Gorham-Stout Disease—Stabilization During Bisphosphonate Treatment


  • The authors have no conflict of interest.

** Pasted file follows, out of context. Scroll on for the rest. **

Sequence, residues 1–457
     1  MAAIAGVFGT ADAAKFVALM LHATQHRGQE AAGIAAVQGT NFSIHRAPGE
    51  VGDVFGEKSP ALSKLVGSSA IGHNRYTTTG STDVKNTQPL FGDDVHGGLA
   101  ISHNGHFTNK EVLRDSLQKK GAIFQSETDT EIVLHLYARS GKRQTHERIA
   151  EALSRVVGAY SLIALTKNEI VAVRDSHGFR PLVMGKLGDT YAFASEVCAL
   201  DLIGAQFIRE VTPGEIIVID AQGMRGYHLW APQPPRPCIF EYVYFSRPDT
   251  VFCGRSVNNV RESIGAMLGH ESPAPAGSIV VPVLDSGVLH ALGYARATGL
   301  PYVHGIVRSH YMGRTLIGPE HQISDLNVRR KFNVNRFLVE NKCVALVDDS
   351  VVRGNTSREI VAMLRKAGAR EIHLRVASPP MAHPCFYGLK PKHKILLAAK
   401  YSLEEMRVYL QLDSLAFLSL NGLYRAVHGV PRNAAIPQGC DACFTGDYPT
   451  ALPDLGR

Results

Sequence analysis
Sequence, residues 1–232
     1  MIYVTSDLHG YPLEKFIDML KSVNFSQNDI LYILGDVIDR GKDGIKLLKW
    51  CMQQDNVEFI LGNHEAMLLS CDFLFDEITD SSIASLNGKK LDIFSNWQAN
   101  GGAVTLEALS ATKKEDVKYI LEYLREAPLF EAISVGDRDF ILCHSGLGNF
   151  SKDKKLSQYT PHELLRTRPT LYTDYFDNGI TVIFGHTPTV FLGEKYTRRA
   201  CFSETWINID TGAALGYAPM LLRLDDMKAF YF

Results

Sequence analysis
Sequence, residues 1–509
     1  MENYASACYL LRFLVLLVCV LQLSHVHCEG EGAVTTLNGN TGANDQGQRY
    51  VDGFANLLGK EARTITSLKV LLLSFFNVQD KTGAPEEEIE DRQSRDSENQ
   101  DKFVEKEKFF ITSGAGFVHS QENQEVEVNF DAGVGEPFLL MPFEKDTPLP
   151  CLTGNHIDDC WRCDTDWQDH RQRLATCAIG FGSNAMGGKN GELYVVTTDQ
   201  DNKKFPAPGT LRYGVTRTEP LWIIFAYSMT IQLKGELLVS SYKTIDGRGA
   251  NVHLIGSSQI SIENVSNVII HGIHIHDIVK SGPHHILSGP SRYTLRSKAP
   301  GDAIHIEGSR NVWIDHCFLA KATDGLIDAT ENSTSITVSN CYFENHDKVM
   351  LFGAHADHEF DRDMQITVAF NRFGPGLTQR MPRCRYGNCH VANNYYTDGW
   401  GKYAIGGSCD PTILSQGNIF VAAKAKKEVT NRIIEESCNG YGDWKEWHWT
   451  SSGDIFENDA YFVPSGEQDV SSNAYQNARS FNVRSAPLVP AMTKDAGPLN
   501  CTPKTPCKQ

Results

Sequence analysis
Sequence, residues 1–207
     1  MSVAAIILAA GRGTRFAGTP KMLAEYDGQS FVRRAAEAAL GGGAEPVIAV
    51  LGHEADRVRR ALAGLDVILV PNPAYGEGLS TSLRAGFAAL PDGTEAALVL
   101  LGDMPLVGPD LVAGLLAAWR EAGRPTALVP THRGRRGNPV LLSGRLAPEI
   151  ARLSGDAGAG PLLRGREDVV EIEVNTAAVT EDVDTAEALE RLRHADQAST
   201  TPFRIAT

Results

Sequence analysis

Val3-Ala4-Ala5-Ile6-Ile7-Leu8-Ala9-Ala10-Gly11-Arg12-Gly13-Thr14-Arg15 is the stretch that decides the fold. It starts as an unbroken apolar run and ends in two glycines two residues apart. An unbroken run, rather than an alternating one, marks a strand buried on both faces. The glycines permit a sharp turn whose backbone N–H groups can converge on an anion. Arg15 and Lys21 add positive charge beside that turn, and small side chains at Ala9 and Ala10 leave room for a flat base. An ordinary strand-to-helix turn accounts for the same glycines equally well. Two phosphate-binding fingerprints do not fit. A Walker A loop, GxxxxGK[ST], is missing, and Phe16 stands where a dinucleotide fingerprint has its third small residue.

A 45-year-old woman presented with recent onset of left-sided chest pain. On clinical examination, these symptoms seemed to be strictly localized to a region that was marked by a long-standing cutaneous erythematous lesion. Laboratory results showed no gross abnormalities. Radiological imaging including conventional X-ray, MRI scans, and 3D CT reconstruction of the rib cage revealed circumscript destruction of the left lateral ribs 9–11. Histological analysis of a rib biopsy showed angiomatous hypervascularization and intracortical fibrosis. In keeping with these findings, the patient's condition was diagnosed as Gorham-Stout disease, a rare condition with localized, often unilateral, bone destruction. Monotherapy with bisphosphonates (pamidronate 30 mg IV every 3 months) was initiated, leading to rapid disappearance of local pain. Follow-up over 24 months documented a stable clinical and radiological picture without evidence of progressive bone destruction.